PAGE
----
Social Security, Poverty, and Polarization Research Program

The social security, poverty, and polarization research program focuses on understanding the socioeconomic situation in the context of poverty, inequality, and polarization, with emphasis on studying the effects of relevant policy tools on them. In the program, the determinants of poverty and inequality are investigated thoroughly and methods and policy proposals to mitigate them by means of social and structural reforms are put forward.

 Goals of the program: Study the determinants of poverty, inequality, and socioeconomic polarization and put forward methods and policy proposals to mitigate them and strengthen social security, particularly social insurance, by using Israeli databases (the research rooms of the Central Bureau of Statistics and the National Insurance Institute) and the unique databases of SHARE, OECD, LIS, IMF, the World Bank, UNDP, Eurostat, and others. Within this frame, the program will stress reforms in the fields of long-term savings, pensions, and tools such as Savings for Every Child and universal basic income, in which implementation is still in its developmental stages.

The program is headed by Professors Daniel Gottlieb (former Deputy Director General for Research and Planning at the National Insurance Institute) and Aviad Tur-Sinai.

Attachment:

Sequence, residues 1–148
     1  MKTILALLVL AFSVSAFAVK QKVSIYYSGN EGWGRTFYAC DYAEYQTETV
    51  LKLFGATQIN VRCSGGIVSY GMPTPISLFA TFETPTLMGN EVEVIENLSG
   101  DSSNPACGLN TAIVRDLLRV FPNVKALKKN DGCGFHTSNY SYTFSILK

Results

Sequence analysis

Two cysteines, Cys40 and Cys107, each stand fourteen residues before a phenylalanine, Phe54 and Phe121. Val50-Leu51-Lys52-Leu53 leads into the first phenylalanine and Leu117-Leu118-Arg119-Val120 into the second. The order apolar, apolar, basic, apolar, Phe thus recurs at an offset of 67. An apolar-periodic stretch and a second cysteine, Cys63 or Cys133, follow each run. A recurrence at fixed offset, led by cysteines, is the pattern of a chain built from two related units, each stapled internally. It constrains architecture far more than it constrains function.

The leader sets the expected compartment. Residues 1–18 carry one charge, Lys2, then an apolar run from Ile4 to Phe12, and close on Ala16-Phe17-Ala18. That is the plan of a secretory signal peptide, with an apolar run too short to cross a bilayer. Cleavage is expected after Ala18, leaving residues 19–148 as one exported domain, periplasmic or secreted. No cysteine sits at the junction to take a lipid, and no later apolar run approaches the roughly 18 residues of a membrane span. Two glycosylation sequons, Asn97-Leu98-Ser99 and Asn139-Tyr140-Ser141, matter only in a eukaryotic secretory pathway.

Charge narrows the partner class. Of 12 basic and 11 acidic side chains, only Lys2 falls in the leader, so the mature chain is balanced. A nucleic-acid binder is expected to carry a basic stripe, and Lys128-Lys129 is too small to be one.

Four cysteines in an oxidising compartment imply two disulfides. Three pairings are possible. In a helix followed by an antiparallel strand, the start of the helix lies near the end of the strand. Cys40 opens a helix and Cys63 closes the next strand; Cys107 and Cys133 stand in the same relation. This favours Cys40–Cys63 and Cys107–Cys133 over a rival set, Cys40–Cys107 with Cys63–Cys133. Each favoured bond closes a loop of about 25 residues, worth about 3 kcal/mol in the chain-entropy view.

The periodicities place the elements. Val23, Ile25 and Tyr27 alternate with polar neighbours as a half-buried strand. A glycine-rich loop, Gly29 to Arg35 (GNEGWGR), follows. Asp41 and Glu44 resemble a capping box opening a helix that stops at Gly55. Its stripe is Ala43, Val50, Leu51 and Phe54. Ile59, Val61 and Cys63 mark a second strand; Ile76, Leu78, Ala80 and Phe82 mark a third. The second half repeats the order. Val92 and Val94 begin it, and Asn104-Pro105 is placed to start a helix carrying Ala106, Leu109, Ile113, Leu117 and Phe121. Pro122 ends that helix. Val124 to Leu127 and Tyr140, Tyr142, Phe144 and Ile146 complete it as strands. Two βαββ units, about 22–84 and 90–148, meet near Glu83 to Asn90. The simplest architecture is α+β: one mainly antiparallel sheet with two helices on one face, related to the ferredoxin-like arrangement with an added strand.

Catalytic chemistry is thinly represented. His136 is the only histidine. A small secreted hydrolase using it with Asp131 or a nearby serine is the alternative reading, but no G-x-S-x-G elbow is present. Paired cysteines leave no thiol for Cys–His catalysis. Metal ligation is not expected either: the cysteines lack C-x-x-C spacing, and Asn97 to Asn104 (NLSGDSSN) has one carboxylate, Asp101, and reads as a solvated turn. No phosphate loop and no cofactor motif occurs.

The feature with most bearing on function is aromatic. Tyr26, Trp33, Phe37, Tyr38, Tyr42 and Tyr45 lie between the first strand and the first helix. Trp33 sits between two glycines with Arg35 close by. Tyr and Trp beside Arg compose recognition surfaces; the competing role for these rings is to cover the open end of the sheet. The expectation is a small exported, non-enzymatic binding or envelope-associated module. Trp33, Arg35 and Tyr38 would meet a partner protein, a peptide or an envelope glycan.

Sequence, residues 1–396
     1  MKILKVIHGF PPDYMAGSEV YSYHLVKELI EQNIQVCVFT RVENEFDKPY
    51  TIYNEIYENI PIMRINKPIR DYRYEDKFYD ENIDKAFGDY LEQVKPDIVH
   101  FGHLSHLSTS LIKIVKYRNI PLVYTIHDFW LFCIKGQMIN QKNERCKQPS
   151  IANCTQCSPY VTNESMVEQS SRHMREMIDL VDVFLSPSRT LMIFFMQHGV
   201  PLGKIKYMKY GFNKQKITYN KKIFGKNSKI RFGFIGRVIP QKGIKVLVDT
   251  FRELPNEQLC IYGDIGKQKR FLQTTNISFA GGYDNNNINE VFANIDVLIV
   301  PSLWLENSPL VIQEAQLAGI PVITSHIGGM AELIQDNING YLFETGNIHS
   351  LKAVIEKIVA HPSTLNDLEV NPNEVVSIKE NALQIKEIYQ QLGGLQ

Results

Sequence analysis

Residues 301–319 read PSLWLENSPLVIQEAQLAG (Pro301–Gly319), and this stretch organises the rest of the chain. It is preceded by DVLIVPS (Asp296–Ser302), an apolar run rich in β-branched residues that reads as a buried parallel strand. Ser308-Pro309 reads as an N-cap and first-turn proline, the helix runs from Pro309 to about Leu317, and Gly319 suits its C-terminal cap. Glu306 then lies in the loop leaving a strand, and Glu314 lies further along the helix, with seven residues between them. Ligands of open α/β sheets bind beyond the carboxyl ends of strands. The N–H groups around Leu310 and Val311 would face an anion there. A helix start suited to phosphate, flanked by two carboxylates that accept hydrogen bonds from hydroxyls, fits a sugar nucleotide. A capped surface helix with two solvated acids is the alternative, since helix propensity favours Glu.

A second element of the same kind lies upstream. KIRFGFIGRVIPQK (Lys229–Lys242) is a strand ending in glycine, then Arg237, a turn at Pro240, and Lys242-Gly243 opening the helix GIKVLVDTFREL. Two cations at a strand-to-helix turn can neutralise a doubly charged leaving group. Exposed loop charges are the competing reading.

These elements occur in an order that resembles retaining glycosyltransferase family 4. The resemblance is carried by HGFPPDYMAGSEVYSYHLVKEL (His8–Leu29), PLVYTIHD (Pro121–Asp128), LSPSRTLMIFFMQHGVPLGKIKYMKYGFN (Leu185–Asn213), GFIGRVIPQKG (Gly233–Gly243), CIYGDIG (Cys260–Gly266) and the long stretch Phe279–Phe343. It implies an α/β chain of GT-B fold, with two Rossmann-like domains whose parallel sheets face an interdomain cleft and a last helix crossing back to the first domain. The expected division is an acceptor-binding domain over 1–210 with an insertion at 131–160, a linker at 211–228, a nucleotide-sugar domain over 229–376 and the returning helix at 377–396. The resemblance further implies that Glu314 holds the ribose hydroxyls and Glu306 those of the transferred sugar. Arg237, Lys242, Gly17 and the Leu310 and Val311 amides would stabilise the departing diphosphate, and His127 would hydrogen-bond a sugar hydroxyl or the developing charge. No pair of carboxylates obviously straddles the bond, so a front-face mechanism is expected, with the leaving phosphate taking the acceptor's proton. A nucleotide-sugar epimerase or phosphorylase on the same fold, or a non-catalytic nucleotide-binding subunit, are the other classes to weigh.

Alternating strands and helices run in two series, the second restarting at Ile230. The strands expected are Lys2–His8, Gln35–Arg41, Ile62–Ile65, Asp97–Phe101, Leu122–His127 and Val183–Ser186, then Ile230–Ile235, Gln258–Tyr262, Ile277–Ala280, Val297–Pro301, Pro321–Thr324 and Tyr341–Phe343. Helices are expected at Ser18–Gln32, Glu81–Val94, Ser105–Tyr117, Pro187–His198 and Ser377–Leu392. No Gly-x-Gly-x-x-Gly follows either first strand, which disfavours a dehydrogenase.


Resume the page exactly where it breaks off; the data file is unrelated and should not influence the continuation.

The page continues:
Research topics include the following:

  1. Strengthening the long-term sustainability of social insurance: a program that attains financial resilience without forgoing social resilience, such as a policy that links “retirement” age to healthy life expectancy;
  2. Eliminating distortions manifested in ageism, gender discrimination, and insurance-status discrimination (self-employed vs. employees, homemakers) in the field of social-insurance policy (relating to unemployment, income assurance, negative income tax, etc.);
  3. Enhancing exercise of entitlements by abolishing or weakening income tests, e.g., for nursing-care benefits, income assurance, etc.
  4. Integrating social-security policy into capital-market and pension policy: models of savings from birth and funding of various benefits;
  5. Dealing with debtors: research on the minimum needed for dignified living and deriving programs for debt payback and debt write-off with maximum consideration of creditor’s rights;
  6. Devising models that explain poverty, through which poverty may be predicted;
  7. Building a micro-macro simulation model, as is conventionally done by research institutes around the world, to give accessible and rapid policy advice. The purpose of the project is to furnish policymakers with rapid, accessible, and data-based responses by the program’s experts, using the model. The model shall include analysis of the impact of tools such as various benefits, disregard, offset rate, universal basic income, negative income tax income tax and VAT reforms, National Insurance contributions, health tax, and so on. The model will also make it possible to examine the effects of demographic changes, random shocks, crises, business turnover, etc.
  8. Matching functions for various studies, in order to enrich existing information in administrative databases at the research rooms where we will operate (relating to the population at large) with variables missing in those settings but available from various surveys. By adding variables based on advanced econometric research, the economic analysis in the aforementioned models may be improved considerably.


Students and researchers who wish to take part in the program’s research activity are invited to contact us.